In an article published on March 15, 2018 by regulatory news provider Chemical Watch, editor Kelly Franklin informed about the outcomes of the public consultation held on the draft work plan for 2018-2020 presented by the U.S. state of California’s Safer Consumer Products (SCP) program overseen by the state’s Department of Toxic Substances Control (DTSC). The mission of the SCP program is “to advance the design, development, and use of products that are chemically safer for people and the environment.” In the 2018-2020 draft work plan, the food contact materials (FCMs) category was newly added to the five product categories carried over from the 2015-2017 period. The chemicals to be assessed include, for example, some bisphenols and phthalates, as well as styrene and per- and polyfluoroalkyl substances (PFASs).
Several non-governmental organizations (NGOs) have applauded the SCP’s plans to look at FCMs, since, “given the universality of packaged food in the American diet and the waste stream, chemicals leaching from wrappings and containers pose a widespread threat.” The NGOs urged the SCP to regard chemicals in food packaging “as a single problem,” and to address “multiple types of substances and chemical classes that may harm human and/or environmental health, regardless of specific product function.”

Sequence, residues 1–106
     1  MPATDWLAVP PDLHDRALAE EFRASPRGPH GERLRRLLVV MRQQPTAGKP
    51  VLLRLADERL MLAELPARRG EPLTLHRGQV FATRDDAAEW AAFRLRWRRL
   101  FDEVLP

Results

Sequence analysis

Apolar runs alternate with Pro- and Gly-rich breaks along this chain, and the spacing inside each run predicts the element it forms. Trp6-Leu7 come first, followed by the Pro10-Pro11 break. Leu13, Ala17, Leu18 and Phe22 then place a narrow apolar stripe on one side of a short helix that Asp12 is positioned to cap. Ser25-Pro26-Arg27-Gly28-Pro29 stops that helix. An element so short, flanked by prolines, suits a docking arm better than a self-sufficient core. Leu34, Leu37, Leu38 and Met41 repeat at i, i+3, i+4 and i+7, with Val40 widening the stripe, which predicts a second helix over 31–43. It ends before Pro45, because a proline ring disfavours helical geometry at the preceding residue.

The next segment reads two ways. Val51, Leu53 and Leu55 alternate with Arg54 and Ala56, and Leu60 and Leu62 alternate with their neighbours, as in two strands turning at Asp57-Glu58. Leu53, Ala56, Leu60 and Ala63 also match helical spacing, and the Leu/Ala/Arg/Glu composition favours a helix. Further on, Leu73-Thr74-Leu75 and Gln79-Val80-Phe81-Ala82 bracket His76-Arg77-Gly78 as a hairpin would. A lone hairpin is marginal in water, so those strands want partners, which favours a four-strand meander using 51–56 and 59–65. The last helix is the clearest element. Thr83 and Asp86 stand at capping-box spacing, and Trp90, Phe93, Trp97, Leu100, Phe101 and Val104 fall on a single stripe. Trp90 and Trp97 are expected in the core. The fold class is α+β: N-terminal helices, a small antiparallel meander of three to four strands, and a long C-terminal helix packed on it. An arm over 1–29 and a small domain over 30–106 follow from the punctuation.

Industry groups, on the contrary, expressed concerns about “the breadth of product categories” and “the inclusion of full classes of chemicals” among those to be assessed. Further, industry argued that looking at food packaging “exceeds DTSC’s legal authority,” because these products are already regulated by the U.S. Food and Drug Administration (FDA), and DTSC’s statute requires it not to “duplicate or adopt conflicting regulations” where such have already been issued by another authority.
Kelly Franklin (March 16, 2018). “NGOs seek ‘comprehensive’ approach to FCMs in California.” Chemical Watch
Safer Consumer Products (February 2018). “Draft three year priority product work plan (2018-2020).” (pdf)